Watchdog barks at feds to boost health standards for working dogs

Watchdog barks at feds to boost health standards for working dogs

The Government Accountability Office this week warned federal agencies that they need better standards in place to ensure the health and welfare of the more than 5,100 working dogs that serve the government.

The GAO is known as the congressional watchdog that helps lawmakers oversee the operation of federal programs. In a report released Wednesday, GAO said departments and agencies across the government need to take better care of animals that help officials detect explosives and narcotics, find missing people, and assist with search and rescue efforts.

The report said standards aimed at preventing abuse and neglect of these dogs are missing in several departments, as are standards for granting them adequate rest periods during the day.

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U.S. Border Patrol agents use a dog to check for drugs at a checkpoint outside Laredo, Texas. (Reuters/Rick Wilking)

“[A]bout half of the federally managed programs do not address abuse and neglect or requirements for rest and duration of on-duty working time in their policies,” GAO said. “Similarly, about half of the contractor-managed programs do not address abuse and neglect or how to handle working dog retirement or euthanasia decisions in their contract-related documents.”

The Department of Homeland and Security, with nearly 3,000 working dogs, is by far the largest employer of animals used to detect drugs and explosives. But many programs under DHS, including some run by U.S. Customs and Border Protection, have no standards in place to prevent abuse and neglect of their dogs.

The Department of Defense is the second-largest employer of working dogs at nearly 1,800, but GAO found the Air Force, Marine Corps and Special Operations Command also have no policies in place related to abuse and neglect.

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Bomb sniffer dog Corporal Ace searches for explosives near a U.S. Marine during a patrol in Afghanistan, Jan. 26, 2010.

Bomb sniffer dog Corporal Ace searches for explosives near a U.S. Marine during a patrol in Afghanistan, Jan. 26, 2010.
(AFP Photo/Christophe Simon/AFP via Getty Images)

More than half of the federal programs that use dogs don’t have policies in place related to rest and length of duty. The Air Force, Navy and Special Operations Command were among the service branches within DOD that don’t have these policies in place.

Under DHS, the Secret Service, the Federal Emergency Management Agency and parts of Customs and Border Protection also have no policies in place related to rest and length of duty.

GAO developed 18 standards that should be in place to ensure healthy and safe working environments for dogs used by the federal government, including standards related to food and water, medical care, grooming, sanitation and exercise.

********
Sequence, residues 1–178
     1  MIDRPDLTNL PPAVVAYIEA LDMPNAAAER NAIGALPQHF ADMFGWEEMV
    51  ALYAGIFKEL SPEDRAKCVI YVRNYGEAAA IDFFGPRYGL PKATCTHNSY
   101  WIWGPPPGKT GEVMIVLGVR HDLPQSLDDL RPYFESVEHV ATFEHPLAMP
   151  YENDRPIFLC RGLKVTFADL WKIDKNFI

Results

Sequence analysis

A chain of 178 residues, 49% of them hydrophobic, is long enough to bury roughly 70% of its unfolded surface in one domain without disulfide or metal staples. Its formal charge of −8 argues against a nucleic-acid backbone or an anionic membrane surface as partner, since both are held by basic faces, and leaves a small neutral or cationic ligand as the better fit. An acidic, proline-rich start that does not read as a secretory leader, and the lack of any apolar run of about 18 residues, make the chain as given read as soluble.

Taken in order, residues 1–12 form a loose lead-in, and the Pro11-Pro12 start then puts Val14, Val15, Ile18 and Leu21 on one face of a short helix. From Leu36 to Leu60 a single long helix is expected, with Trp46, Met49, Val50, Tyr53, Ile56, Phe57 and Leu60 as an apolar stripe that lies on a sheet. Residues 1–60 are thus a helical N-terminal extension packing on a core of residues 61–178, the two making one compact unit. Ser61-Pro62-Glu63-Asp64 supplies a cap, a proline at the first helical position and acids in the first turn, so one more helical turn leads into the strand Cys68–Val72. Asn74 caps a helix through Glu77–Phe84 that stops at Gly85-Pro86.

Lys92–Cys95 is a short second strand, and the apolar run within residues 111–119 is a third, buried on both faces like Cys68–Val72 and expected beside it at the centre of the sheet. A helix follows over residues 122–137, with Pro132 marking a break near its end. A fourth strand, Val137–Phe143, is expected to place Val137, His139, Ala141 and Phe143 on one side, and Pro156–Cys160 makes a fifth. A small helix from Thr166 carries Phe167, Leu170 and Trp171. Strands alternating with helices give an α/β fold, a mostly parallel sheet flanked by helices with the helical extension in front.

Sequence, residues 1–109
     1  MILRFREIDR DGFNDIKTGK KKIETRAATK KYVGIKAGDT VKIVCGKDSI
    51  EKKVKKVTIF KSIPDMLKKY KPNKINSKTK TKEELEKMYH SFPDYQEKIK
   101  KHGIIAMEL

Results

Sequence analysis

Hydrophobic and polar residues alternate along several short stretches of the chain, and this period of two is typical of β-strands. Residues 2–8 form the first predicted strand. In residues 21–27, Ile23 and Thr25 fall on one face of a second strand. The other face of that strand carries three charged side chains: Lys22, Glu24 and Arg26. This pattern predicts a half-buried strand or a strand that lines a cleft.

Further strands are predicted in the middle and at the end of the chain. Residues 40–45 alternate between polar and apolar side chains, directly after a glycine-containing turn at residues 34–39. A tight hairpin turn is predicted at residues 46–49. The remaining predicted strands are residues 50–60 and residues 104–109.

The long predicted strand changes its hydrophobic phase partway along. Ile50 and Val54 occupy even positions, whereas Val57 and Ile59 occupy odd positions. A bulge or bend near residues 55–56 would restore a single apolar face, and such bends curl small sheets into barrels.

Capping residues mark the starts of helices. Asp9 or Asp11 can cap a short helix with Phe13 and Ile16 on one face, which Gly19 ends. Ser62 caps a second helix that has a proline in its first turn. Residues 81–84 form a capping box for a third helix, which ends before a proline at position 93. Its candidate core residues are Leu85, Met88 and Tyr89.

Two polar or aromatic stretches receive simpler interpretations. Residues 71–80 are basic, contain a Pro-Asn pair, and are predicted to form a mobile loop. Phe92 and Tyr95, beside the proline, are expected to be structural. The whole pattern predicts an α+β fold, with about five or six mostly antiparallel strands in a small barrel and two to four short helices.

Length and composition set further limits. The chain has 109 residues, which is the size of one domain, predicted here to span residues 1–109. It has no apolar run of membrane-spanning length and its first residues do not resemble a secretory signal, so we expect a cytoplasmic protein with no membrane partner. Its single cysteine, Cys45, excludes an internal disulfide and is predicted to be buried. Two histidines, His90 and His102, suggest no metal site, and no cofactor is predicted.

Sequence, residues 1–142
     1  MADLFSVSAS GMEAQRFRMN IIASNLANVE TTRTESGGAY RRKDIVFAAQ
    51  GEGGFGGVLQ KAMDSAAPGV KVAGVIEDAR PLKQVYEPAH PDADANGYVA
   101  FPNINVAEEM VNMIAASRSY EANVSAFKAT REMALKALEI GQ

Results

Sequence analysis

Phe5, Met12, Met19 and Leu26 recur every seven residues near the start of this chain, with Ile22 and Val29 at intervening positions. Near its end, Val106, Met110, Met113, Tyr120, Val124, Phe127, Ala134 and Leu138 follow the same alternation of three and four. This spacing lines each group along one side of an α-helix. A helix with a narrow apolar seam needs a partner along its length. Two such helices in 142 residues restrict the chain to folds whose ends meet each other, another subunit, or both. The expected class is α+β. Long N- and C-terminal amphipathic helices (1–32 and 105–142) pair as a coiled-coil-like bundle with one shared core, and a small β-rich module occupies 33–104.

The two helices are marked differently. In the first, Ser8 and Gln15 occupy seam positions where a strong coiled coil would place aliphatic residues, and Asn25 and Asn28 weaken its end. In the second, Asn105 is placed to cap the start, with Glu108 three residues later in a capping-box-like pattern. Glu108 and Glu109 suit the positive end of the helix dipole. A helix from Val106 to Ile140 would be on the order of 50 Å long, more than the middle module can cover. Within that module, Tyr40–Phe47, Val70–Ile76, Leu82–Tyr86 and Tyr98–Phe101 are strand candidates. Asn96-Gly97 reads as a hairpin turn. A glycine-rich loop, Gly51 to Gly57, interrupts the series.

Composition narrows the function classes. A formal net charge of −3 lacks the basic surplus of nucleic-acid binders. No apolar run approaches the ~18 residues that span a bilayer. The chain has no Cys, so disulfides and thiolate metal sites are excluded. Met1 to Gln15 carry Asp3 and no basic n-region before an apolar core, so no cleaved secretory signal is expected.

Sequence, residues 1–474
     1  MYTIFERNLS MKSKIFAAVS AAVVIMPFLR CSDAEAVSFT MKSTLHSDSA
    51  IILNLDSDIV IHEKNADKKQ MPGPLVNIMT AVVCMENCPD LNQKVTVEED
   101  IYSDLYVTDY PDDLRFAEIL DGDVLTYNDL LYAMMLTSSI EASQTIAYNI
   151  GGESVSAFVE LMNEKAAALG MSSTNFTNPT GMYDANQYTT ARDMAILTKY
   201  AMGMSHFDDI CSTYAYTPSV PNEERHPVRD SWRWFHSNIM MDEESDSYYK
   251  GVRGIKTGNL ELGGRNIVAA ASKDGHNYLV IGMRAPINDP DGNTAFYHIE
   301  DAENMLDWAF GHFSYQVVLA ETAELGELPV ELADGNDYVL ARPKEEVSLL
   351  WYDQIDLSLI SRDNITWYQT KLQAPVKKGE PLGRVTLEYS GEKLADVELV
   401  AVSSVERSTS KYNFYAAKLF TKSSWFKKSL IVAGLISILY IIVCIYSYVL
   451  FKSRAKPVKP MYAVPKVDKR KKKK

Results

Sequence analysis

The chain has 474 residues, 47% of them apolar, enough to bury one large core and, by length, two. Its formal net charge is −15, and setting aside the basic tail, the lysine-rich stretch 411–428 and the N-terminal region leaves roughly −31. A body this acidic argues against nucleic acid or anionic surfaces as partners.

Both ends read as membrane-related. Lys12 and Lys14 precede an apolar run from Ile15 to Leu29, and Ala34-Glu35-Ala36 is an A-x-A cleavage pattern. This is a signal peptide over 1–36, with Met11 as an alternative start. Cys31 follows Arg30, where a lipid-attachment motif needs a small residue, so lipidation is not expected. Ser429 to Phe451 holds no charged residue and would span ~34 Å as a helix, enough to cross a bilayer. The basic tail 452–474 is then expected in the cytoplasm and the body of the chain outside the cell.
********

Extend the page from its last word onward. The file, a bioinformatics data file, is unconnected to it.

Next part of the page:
Every federal agency that uses dogs has standards in place for food and water except for the Fish and Wildlife Service’s Office of Law Enforcement.

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Army Spc. David Sheriff of the 25th Infantry Division plays with Dagmar, a military working dog, at Al Asad Air Base, Iraq, May 29, 2020. (US Army/Cover Images)

Army Spc. David Sheriff of the 25th Infantry Division plays with Dagmar, a military working dog, at Al Asad Air Base, Iraq, May 29, 2020. (US Army/Cover Images)

The report is the result of more than two years of work by GAO and led to a broad recommendation that every agency that uses dogs adopt standards in all 18 areas outlined by the report. The investigation concluded in February 2022, and several agencies have said since then that they will adopt these standards or have already taken steps in that direction.

GAO also recommended that the State Department direct officials there to ensure these standards remain in place when working dogs are loaned out to foreign governments and foreign organizations, such as embassy security.

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The report followed a handful of instances over the past decade that indicated conditions for working dogs need to be improved. In 2019, for example, the State Department’s Office of Inspector General reported “serious animal welfare concerns for working dogs” used in anti-terrorism efforts.

“The Inspector General found that dogs provided to at least one foreign government did not receive proper medical care and, in some cases, dogs were found to be dangerously underweight,” GAO said. “The Inspector General also reported on the death of at least one dog from heat stroke.”

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